Would you expect a squire to give a knight advice on how to vanquish his foes?
Of course not.
The squire has no experience. He has not conquered a single enemy, hasn't swung a sword outside of playful practice.
The knight is well worn. His discipline and honor show themselves by the calluses on his hands, the scars he proudly wears. He has seen dark days, experienced real loss, real pain. He has been pushed and pushed himself beyond the norms of comfort.
His patience shows in his resolve. His diligence in his steadfastness.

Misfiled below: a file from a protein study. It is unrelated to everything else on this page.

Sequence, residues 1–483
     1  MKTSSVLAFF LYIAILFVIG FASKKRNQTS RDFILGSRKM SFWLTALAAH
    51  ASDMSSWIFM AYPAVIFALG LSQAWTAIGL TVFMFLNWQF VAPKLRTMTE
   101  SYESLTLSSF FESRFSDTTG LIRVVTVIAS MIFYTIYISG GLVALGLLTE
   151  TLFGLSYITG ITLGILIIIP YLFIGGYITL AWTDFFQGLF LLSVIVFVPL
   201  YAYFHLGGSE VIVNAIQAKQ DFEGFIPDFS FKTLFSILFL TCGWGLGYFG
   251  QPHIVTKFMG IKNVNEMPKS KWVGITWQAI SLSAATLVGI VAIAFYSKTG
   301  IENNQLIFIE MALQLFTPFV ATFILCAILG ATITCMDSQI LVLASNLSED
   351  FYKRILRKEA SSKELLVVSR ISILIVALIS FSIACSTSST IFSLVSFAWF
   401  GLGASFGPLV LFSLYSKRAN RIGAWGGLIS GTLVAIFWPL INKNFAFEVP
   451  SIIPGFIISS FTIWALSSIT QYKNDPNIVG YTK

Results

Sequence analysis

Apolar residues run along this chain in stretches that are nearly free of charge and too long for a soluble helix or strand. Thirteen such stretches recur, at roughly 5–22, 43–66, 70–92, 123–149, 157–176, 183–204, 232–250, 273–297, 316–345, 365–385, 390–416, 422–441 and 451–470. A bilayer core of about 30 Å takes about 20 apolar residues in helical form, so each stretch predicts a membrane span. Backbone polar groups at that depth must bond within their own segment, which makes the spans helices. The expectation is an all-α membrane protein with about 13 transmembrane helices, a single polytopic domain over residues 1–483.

The focus of his eyes is unwavering, like a lion.
When you ask a knight how to conquer your foes he can tell you many ways, depending on your position, your stature, your aptitude. He can show you exactly what you need to know, no fluff.
So when you want to conquer your mind, overcome your shortcomings, cast aside your fear and doubt, do you ask a squire or a knight?
Of course nowadays everyone thinks they are a knight. Put them in the middle of a battlefield though and then we can really determine the merits of their practice.